I think that both men and women would be a LOT better off if the default position for us guys was a little less studly and for the women a little less poofy. I mean, you should be able to be as studly and poofy as you and whoever you're dealing with enjoy. But I think some hardcore in women, and some recognition that women CAN be hardcore, would be good for us both.

Again - I DO understand the difficulties, I DO understand the arguments against this. But - given the reality that the only women capable of making the grade as 11-bush are going to be the hardest of the hardcore - I'm not sure that those arguments trump the political reality that if you can tell her she "...can't do that because you're a girl" then how is she your political, military, and social equal?

I'm not saying a woman should have to be a fighting soldier if she doesn't want to be.

Hell, I don't think anyone should have to be a fighting soldier. The food sucks, the pay is shit, and the working conditions would embarrass a Tijuana maquiladora.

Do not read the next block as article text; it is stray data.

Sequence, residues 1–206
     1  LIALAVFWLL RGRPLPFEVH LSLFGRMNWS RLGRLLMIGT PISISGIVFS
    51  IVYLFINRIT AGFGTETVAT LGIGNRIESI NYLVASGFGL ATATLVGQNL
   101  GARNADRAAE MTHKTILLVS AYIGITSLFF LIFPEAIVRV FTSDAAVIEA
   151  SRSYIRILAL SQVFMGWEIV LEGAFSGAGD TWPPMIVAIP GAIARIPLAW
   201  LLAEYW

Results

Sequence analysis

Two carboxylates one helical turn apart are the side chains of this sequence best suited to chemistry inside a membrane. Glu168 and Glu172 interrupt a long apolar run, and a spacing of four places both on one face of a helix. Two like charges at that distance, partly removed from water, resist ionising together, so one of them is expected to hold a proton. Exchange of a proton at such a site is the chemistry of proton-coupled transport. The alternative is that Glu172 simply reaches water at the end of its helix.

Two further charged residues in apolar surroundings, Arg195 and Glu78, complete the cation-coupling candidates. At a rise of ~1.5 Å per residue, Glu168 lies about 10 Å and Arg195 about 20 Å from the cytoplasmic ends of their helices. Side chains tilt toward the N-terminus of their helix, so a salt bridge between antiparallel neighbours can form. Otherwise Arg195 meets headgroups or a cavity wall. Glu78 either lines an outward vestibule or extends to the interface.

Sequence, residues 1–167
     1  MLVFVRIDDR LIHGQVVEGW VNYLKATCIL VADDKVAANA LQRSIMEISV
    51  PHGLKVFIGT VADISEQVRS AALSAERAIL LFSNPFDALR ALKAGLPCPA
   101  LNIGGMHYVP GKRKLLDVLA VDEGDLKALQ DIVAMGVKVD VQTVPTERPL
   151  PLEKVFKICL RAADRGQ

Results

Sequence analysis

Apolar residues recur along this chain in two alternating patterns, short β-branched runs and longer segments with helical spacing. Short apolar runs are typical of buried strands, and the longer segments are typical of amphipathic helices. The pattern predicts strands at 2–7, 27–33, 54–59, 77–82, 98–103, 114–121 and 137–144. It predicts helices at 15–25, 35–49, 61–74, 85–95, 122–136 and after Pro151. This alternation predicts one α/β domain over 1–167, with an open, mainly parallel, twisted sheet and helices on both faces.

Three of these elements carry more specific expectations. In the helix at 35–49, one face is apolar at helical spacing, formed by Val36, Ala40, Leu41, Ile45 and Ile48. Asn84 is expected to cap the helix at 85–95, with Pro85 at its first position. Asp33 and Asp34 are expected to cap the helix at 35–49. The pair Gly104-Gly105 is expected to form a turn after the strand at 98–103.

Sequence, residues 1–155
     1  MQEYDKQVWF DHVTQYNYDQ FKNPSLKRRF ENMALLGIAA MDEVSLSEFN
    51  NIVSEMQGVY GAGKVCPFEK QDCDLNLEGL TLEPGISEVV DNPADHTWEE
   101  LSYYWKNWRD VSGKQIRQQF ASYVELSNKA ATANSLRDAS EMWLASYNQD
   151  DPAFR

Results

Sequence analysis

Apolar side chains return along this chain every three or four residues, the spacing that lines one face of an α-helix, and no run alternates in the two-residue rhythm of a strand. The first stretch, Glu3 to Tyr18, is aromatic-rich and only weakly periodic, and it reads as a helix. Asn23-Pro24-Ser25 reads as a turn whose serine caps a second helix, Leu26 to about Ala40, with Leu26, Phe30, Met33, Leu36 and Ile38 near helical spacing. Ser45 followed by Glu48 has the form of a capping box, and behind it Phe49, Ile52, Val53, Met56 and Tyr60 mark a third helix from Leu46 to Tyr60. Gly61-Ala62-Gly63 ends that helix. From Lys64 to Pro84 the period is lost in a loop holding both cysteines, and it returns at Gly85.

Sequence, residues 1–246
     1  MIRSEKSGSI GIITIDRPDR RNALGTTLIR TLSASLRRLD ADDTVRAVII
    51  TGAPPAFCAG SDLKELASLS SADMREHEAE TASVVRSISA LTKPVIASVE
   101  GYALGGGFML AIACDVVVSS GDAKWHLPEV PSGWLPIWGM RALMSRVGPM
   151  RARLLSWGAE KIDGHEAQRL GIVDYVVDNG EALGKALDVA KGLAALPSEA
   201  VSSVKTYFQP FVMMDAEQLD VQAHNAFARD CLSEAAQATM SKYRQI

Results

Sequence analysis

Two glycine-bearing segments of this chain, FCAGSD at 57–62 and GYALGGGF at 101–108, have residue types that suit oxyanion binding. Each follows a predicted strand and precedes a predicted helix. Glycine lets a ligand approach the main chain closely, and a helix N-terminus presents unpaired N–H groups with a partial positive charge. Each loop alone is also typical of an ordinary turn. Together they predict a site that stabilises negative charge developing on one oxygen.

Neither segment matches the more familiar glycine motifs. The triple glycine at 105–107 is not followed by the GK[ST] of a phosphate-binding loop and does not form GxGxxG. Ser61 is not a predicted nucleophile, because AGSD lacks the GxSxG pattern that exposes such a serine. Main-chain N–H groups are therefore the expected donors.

But given the connection between soldiering and citizenship in a republic...shouldn't we have to make a hell of a massive case against giving the woman or women who want to take it, that chance?

Friday, June 14, 2013

Sex and Violence

Why is it always, "sex and violins"?
--Ruth Buzzi, Laugh-In

The new pornography is left-wing;
and the new pornography is a vast graveyard
where the Left has gone to die.
The Left cannot have its whores and its politics too.” 
--Letters from a War Zone, Adrea Dworkin

I seen ev'ry blue eyed floozy on the way, hey
But their beauty and their style
Went kind of smooth after a while.

Take me to them lardy ladies every time!
 --Fat Bottomed Girls, Queen

Let them eat war
That's how to ration the poor
Let them eat war
--Let Them Eat War, Bad Religion

Not war pornography -- war AND pornography. Now that we have your attention ...

War is the specialized, systematic application of State violence, and it is a perversion of civilized values, yet it is an activity that few societies have extirpated. It is also an activity designated as a career track primarily for the disadvantaged of our society. But war is an exploitation -- if it were not, our politicians would seek active combat service (which they avidly do not.)